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Daily Catholic Question

Why is the celebration of holy days and feasts different from place to place?

Over the centuries traditions and customs regarding feasts or holy days of obligation have varied from nation to nation. They have also varied in the United States. In the early years of colonization, dioceses like San Francisco and New Orleans followed the liturgical calendars of the founding nations: Spain and France. Under British rule, Roman Catholics of the United States observed 36 feasts of obligation kept in England. In 1777 Pope Pius VI reduced the holy days of obligation for England and its colonies to 11. And in 1789 Bishop John Carroll of Baltimore, the first U.S. bishop, removed the obligation from the feast of England’s patron, St. George.

In our time, before Vatican II, the U.S. bishops had obtained approval to observe just six of 10 feasts of obligation in the 1917 Code of Canon Law. After Vatican II, with the publication of the 1983 Code of Canon Law and the earlier revision of the liturgical calendar, there was much discussion in this country of what feasts or solemnities should be observed as days of obligation. Canon 1246, #2, of the new Code permits the bishops’ conference, with prior approval of the apostolic see, to suppress the obligation of some feasts in the Code or transfer their celebration to a Sunday.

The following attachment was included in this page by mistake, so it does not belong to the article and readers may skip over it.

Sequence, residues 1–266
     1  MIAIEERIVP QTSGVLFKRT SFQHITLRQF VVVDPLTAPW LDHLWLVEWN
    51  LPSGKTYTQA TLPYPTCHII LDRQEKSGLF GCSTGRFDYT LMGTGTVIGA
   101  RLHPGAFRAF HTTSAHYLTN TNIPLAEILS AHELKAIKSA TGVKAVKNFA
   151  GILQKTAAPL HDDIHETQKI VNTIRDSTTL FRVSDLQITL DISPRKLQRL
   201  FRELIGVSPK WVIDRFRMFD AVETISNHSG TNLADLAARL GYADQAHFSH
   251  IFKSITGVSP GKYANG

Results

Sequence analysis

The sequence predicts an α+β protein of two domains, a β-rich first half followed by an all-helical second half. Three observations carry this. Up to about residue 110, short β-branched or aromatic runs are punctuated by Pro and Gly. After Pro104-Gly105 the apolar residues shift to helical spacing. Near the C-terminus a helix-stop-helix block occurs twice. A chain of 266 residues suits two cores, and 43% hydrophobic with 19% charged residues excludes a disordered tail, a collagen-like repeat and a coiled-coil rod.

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Tuesday, April 30, 2013
Daily Catholic Question for 4/29/2013 Daily Catholic Question for 5/1/2013


Antônio de Sant’Anna Galvão: God’s plan in a person’s life often takes unexpected turns which become life-giving through cooperation with God’s grace. 
<p>Born in Guarantingueta near São Paulo (Brazil), Antônio attended the Jesuit seminary in Belem but later decided to become a Franciscan friar. Invested in 1760, he made final profession the following year and was ordained in 1762. </p><p>In São Paulo, he served as preacher, confessor and porter. Within a few years he was appointed confessor to the Recollects of St. Teresa, a group of nuns in that city. He and Sister Helena Maria of the Holy Spirit founded a new community of sisters under the patronage of Our Lady of the Conception of Divine Providence. Sister Helena Maria’s premature death the next year left Father Antônio responsible for the new congregation, especially for building a convent and church adequate for their growing numbers. </p><p>He served as novice master for the friars in Macacu and as guardian of St. Francis Friary in São Paulo. He founded St. Clare Friary in Sorocaba. With the permission of his provincial and the bishop, he spent his last days at the Recolhimento de Nossa Senhora da Luz, the convent of the sisters’ congregation he had helped establish. </p><p>He was beatified in Rome on October 25, 1998, and canonized in 2007.</p> American Catholic Blog Christians must realize that the Christian faith is a love affair between God and man. Not just a simple love affair: It is a passionate love affair. God so loved man that he became man himself, died on a cross, was raised from the dead by the Father, ascended into heaven—and all this in order to bring man back to himself, to that heaven which he had lost through his own fault. —Catherine de Hueck Doherty

 
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